© Photo | ebm-papst

Salesman braves the cold

Denis Stepanov has to struggle with huge distances and permafrost

Denis Stepanov sometimes travels 10,000 kilometres on a business trip. He is responsible for ebm-papst’s sales in Siberia

Siberia — the word brings to mind huge distances, few people and, above all, bitter cold. And this description is entirely accurate. The snow cover around the Siberian ebm-papst office in Yekaterinburg is rather deep as early as late November. However, Stepanov does not let this get in the way of his business trips. As the only outside salesperson in Siberia, he has to cover an enormous sales territory — more specifically, ebm-papst’s largest in the entire world — by himself. “Of course, my everyday work also includes regular office tasks,” Stepanov relates. “However, I spend about half of my working time on the road.” In Siberia, customer contact is key. From his sales office, Stepanov travels to customer events, product presentations and, above all, negotiations.

Stepanov travels as far as Chabarowsk at the Chinese border — 5,000 kilometers away from his office

To cover all of the customers,

good planning is everything. Most of all, this means keeping a close eye on the weather report. One has to be ready for anything: Siberia’s climate ranges from a sweaty 35 degrees Celsius in summer to an unbelievable minus 70 degrees Celsius during the cold season. This extreme range is also encountered within any given season. Siberia includes multiple climate zones, which Stepanov can often feel right on his skin: “At the same time of year, I can wear just a T-shirt here at home, while I have to break out a heavy coat in other locations.”

A different kind of frost protection

Given the often cold surroundings, it sounds almost paradoxical that Stepanov cites ground cooling as one of the most important projects. “That plays a great role here,” he says. “After all, oil production is one of the most important sectors of the Siberian economy.” We can quickly understand what that means by looking at the conveyor systems on the northeastern peninsula of Taimyr: in winter, the frozen soil thaws quickly, as the crude oil heats up to temperatures as high as 50 degrees Celsius when pumped out of the ground. If the plant falls into the sump thus created, the results are catastrophic. Exactly that is prevented by cooling machines with centrifugal fans in GreenTech EC technology, which keep the ground at a constant temperature around the freezing point, regardless of the weather.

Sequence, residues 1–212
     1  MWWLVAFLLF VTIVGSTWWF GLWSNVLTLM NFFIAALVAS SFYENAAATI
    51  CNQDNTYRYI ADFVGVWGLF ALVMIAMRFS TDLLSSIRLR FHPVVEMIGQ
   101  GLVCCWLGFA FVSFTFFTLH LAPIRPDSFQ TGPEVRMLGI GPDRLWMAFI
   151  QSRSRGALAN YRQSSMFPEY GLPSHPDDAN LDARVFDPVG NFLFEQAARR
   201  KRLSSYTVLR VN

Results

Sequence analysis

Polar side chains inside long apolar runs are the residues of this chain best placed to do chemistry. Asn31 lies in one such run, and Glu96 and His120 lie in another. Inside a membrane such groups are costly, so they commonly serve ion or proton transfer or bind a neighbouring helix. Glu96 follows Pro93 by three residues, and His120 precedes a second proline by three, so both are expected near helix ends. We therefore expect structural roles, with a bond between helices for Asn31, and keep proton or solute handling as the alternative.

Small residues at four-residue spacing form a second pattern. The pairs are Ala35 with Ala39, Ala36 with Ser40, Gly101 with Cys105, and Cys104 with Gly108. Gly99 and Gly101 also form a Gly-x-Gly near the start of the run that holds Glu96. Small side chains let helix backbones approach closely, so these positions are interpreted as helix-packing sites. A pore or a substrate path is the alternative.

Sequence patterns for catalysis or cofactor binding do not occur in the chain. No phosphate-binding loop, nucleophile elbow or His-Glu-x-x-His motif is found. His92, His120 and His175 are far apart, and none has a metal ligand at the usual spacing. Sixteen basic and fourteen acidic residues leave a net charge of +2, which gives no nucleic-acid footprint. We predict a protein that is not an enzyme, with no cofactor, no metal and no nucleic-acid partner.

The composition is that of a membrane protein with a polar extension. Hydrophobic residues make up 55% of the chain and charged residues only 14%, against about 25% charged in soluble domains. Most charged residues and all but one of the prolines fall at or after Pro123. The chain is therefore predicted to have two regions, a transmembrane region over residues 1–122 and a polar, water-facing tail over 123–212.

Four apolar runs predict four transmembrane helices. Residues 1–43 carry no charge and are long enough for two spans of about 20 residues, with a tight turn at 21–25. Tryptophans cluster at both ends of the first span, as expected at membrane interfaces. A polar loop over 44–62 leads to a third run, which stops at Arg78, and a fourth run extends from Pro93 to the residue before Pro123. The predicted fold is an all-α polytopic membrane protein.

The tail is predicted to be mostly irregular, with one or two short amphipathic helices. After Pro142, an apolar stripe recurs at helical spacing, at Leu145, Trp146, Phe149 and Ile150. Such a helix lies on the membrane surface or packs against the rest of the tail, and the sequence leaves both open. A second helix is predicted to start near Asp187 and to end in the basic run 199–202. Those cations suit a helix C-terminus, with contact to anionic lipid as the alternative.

On his business trips, Stepanov often has go by plane (left). In Novosibirsk degrees around minus 19 celsius are quite normal (right)

Projects such as these require Stepanov to drive thousands of kilometres, as Siberia is one of the world’s least densely populated regions, with an average of only three people per square kilometre. Accordingly, there are only a few major urban areas, with a lot of nothing in between. Novosibirsk, for example, is about 1,500 kilometres from Yekaterinburg, while Vladivostok is even 5,000 kilometres — it would take several days to make the drive by car. These distances do not bother Stepanov much: “I can fly to any region in just a few hours,” he explains.

“To keep the business trips at least somewhat manageable, I purposely chose Yekaterinburg as the headquarters.” Russia’s fourth largest city, which will be one of the venues for football’s World Cup in 2018, is located in southern Siberia, a major centre of Russian industry. Only the means of transport have not quite kept up with this status. Usually, Stepanov has to make short trips by bus or taxi, which often get caught in Russia’s infamous traffic jams. The only Siberian city with an underground system is Novosibirsk, where two Metro lines run. However, improvement is in sight, and Stepanov relates proudly how he took on a project for another city’s streetcar system.

Keeping out draughts

“The streetcar company of the city of Irkutsk approached me back then with a problem,” reports Stepanov. The passengers had to cope with average outside temperatures as low as –45 degrees Celsius. At every stop, the open doors caused a draught to blast through the wagons, sending a chill through the whole compartment in seconds. Even at full power, the heating system was not powerful enough to heat the air by the next stop. The solution: The company took Stepanov’s advice and installed a warm air curtain at each door. This keeps the cold outside. The warm air curtains are activated only when the doors are actually open. This ensures energy efficiency. Since the installation, feedback from passengers has been entirely positive. Finally, they can take off their hat and gloves in the city train. This also impressed the streetcar manufacturers, who have since made the warm air curtains standard in Siberian cities.

When Stepanov talks about this project, it is easy to tell how much fun he has in his work: “Basically, I am doing the same thing as my many colleagues around the world. Customers come to me with a problem, and we then solve it together.” Despite the massive distances in Siberia, he has a job that allows him to deal with many interesting people. “That is a very nice fringe benefit,” he adds.

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